It's the greatest scientific challenge of our time.
Explaining how something as complex as consciousness can emerge from a grey, jelly-like lump of tissue in the head is arguably the greatest scientific challenge of our time. The brain is an extraordinarily complex organ, consisting of almost 100 billion cells-- known as neurons-- each connected to 10,000 others, yielding some 10 trillion nerve connections.
We have made a great deal of progress in understanding brain activity, and how it contributes to human behavior. But what no one has so far managed to explain is how all of this results in feelings, emotions and experiences. How does the passing around of electrical and chemical signals between neurons result in a feeling of pain or an experience of red?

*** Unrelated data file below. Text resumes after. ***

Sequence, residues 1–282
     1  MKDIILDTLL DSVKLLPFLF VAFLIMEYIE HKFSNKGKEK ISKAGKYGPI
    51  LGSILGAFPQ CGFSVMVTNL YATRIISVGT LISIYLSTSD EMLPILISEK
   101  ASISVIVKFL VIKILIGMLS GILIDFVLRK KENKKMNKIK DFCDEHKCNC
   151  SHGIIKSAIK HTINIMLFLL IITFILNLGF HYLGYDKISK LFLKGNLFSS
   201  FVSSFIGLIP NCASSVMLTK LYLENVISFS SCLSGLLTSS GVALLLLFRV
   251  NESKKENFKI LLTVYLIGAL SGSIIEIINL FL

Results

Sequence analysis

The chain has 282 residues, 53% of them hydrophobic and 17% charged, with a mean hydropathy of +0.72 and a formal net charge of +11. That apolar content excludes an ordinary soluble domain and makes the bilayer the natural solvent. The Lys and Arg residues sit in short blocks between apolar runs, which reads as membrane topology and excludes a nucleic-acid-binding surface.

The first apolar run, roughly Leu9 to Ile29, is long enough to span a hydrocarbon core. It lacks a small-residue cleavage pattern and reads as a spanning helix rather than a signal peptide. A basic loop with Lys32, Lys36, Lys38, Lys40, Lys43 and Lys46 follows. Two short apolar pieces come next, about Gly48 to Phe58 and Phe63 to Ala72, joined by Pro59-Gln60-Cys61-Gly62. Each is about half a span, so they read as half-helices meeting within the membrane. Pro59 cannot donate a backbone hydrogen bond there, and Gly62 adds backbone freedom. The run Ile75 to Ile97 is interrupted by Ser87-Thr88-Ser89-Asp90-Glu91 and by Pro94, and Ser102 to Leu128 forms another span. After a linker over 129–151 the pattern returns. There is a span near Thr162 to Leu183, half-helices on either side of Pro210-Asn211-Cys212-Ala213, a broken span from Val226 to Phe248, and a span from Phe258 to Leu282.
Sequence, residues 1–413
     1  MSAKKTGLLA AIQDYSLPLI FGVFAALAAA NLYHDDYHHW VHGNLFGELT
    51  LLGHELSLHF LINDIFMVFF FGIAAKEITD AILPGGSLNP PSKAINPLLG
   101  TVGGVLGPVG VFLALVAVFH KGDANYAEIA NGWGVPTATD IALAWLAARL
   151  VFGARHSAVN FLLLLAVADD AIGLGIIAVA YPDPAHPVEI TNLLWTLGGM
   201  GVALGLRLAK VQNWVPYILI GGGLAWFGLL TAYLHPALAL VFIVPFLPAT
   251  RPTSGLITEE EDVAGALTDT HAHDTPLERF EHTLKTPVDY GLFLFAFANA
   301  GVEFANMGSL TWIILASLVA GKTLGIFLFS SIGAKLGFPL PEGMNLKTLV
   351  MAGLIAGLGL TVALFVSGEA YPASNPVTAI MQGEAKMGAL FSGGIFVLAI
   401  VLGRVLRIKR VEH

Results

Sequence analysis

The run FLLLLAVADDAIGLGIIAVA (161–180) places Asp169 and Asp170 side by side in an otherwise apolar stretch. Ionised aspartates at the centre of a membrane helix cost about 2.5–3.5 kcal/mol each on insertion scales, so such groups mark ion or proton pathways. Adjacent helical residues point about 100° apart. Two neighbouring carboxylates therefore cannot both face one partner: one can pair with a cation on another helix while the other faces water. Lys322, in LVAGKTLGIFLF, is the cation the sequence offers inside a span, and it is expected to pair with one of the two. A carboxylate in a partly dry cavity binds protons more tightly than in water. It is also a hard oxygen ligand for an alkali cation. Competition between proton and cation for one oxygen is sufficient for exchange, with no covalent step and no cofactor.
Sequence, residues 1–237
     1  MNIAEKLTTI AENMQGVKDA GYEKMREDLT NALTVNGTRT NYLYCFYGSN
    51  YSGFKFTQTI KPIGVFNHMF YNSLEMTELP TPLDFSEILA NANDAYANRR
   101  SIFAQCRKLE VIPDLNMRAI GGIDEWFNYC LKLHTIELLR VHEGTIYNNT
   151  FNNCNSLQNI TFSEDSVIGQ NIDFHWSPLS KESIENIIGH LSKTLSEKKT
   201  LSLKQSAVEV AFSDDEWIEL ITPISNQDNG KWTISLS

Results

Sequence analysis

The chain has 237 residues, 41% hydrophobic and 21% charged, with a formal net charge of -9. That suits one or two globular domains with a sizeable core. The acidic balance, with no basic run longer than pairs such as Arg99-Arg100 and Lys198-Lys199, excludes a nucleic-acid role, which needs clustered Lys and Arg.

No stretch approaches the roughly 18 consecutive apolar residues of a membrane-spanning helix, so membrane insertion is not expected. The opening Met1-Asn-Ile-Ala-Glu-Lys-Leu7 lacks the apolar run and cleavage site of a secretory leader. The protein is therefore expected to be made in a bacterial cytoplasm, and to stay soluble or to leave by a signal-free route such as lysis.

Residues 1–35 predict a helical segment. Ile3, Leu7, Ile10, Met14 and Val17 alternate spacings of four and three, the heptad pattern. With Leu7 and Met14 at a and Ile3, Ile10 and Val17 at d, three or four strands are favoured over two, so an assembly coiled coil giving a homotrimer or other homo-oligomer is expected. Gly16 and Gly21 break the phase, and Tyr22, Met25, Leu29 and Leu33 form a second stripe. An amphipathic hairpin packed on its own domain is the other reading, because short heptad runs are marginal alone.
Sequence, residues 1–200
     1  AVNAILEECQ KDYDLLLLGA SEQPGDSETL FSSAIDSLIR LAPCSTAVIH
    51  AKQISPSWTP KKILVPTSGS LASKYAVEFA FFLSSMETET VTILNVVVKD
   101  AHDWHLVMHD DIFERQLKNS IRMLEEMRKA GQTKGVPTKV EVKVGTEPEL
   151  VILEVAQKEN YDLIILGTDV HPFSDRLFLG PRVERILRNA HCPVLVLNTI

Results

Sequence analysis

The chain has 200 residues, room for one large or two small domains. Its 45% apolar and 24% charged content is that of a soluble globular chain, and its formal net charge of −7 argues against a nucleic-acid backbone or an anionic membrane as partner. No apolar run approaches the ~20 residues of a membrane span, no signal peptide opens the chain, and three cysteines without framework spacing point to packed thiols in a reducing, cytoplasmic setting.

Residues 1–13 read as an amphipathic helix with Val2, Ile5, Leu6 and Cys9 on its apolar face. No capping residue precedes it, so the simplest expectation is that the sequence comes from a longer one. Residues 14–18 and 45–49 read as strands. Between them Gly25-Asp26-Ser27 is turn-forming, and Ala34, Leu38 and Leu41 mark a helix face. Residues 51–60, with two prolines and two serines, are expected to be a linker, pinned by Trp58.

The problem of consciousness... is radically unlike any other scientific problem. One reason is that consciousness is unobservable. You can't look inside someone's head and see their feelings and experiences. If we were just going off what we can observe from a third-person perspective, we would have no grounds for postulating consciousness at all.
The entire article from livescience.com can be read here.